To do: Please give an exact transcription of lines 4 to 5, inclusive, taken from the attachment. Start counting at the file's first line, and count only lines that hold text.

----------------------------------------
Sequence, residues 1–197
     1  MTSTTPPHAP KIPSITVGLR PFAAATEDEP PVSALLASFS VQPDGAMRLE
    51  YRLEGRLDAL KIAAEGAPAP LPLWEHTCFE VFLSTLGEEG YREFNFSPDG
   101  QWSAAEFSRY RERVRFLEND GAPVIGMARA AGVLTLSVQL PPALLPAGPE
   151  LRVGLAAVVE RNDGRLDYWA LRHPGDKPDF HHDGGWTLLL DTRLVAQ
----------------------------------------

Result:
   101  QWSAAEFSRY RERVRFLEND GAPVIGMARA AGVLTLSVQL PPALLPAGPE
   151  LRVGLAAVVE RNDGRLDYWA LRHPGDKPDF HHDGGWTLLL DTRLVAQ